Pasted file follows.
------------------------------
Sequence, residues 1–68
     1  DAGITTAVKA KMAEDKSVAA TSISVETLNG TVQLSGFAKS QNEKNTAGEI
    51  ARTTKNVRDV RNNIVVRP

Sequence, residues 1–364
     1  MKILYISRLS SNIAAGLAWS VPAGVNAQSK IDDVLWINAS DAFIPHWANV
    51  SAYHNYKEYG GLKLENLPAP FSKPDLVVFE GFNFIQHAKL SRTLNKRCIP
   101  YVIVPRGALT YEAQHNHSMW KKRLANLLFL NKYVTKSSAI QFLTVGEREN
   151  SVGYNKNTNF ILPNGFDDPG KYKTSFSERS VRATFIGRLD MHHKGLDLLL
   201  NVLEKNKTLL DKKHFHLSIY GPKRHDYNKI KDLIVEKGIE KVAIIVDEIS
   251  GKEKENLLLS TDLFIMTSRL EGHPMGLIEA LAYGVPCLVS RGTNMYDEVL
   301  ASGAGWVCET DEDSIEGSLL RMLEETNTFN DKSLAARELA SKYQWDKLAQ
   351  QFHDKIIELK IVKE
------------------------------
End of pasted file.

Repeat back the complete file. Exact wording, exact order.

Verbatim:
Sequence, residues 1–68
     1  DAGITTAVKA KMAEDKSVAA TSISVETLNG TVQLSGFAKS QNEKNTAGEI
    51  ARTTKNVRDV RNNIVVRP

Sequence, residues 1–364
     1  MKILYISRLS SNIAAGLAWS VPAGVNAQSK IDDVLWINAS DAFIPHWANV
    51  SAYHNYKEYG GLKLENLPAP FSKPDLVVFE GFNFIQHAKL SRTLNKRCIP
   101  YVIVPRGALT YEAQHNHSMW KKRLANLLFL NKYVTKSSAI QFLTVGEREN
   151  SVGYNKNTNF ILPNGFDDPG KYKTSFSERS VRATFIGRLD MHHKGLDLLL
   201  NVLEKNKTLL DKKHFHLSIY GPKRHDYNKI KDLIVEKGIE KVAIIVDEIS
   251  GKEKENLLLS TDLFIMTSRL EGHPMGLIEA LAYGVPCLVS RGTNMYDEVL
   301  ASGAGWVCET DEDSIEGSLL RMLEETNTFN DKSLAARELA SKYQWDKLAQ
   351  QFHDKIIELK IVKE